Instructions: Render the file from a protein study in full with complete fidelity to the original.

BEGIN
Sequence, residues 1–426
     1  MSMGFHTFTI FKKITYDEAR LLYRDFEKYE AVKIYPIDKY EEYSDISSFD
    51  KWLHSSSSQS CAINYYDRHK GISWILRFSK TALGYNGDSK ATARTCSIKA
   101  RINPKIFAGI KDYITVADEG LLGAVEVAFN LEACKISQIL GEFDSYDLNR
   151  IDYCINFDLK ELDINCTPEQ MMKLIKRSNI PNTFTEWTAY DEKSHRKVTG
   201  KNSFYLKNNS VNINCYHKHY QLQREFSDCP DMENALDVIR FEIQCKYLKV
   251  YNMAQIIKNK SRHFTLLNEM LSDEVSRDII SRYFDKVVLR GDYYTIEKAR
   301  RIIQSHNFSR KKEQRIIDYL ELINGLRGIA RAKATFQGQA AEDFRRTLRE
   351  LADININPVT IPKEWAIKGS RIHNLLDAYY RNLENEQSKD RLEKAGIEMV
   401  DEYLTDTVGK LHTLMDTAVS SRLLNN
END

Sequence, residues 1–426
     1  MSMGFHTFTI FKKITYDEAR LLYRDFEKYE AVKIYPIDKY EEYSDISSFD
    51  KWLHSSSSQS CAINYYDRHK GISWILRFSK TALGYNGDSK ATARTCSIKA
   101  RINPKIFAGI KDYITVADEG LLGAVEVAFN LEACKISQIL GEFDSYDLNR
   151  IDYCINFDLK ELDINCTPEQ MMKLIKRSNI PNTFTEWTAY DEKSHRKVTG
   201  KNSFYLKNNS VNINCYHKHY QLQREFSDCP DMENALDVIR FEIQCKYLKV
   251  YNMAQIIKNK SRHFTLLNEM LSDEVSRDII SRYFDKVVLR GDYYTIEKAR
   301  RIIQSHNFSR KKEQRIIDYL ELINGLRGIA RAKATFQGQA AEDFRRTLRE
   351  LADININPVT IPKEWAIKGS RIHNLLDAYY RNLENEQSKD RLEKAGIEMV
   401  DEYLTDTVGK LHTLMDTAVS SRLLNN